More art by women in exhibits

A wonderful way to encourage female bonsai artists is to create temporary (or even permanent) exhibits at bonsai museums and at Botanic Gardens throughout the country that feature and celebrate women. After I made inquiries about the gender ratio of the bonsai artists whose trees are featured at the Denver Botanic Gardens, Sarada Krishnan, the Director of Horticulture, brought up the possibility of doing a special exhibit in the future featuring female bonsai artists. To put on an all-female artist bonsai show at the DBG, we would need to ensure that our female club members have the training, support, assistance, and encouragement necessary for them to feel comfortable showing their trees.

More art by women in bonsai museums/collections

We should encourage bonsai museums and botanic gardens (like the DBG) to seek out and acquire more bonsai trees created by female artists. According to Arrin Packard, bonsai curator of the Pacific Bonsai Museum, many bonsai museums and botanic gardens have a “collection plan”, or a list of artists, tree species, or bonsai styles that they would like to add to their bonsai collections. Since the acquisition budgets for such organizations are usually very limited, they rely on the donation of bonsai trees by professionals or practitioners. As many professional bonsai artists rely on the sale of their trees for income, donations by practitioners may be a better option. Perhaps we can contact other bonsai clubs to see if any of their female members have a type of tree or style that is missing at the DBG, and if they would be willing to donate. Another option would be to have a fundraiser or auction with the intent of raising money to purchase a bonsai from a female professional bonsai artist for the DBG's collection.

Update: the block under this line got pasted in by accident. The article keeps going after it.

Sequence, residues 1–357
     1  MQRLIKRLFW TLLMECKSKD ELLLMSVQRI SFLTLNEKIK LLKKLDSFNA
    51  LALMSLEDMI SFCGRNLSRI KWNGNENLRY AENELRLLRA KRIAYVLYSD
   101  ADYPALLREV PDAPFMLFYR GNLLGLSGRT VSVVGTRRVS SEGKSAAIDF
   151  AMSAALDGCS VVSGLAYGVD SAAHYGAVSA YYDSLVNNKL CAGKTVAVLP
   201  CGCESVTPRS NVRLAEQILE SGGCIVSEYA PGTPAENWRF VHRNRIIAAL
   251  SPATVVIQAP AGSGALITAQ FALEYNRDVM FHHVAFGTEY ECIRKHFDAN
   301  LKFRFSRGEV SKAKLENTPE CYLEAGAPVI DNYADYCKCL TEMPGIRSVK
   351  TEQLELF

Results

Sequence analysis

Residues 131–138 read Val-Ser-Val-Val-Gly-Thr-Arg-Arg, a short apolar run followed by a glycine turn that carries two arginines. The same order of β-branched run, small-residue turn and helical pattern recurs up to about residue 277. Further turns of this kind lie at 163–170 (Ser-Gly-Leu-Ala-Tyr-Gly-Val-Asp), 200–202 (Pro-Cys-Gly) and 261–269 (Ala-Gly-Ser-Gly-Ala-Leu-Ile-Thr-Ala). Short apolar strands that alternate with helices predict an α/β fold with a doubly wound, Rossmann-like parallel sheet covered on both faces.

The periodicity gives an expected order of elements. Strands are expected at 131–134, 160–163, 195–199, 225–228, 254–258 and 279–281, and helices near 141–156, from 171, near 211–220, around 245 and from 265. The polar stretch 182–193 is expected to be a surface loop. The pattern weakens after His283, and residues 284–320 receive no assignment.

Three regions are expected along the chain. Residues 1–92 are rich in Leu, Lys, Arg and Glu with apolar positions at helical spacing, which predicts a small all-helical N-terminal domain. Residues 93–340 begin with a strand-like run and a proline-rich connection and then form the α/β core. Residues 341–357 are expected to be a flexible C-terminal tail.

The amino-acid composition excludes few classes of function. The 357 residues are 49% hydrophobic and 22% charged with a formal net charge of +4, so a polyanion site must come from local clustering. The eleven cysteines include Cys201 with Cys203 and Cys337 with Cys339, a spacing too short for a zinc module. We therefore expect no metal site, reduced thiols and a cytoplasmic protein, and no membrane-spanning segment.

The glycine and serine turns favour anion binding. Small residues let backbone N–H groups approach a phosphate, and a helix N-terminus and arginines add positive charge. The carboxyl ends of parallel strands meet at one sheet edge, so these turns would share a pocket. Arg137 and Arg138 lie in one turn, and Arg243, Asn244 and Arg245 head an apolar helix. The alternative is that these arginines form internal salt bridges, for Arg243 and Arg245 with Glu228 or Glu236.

Encourage women and newer members to show their trees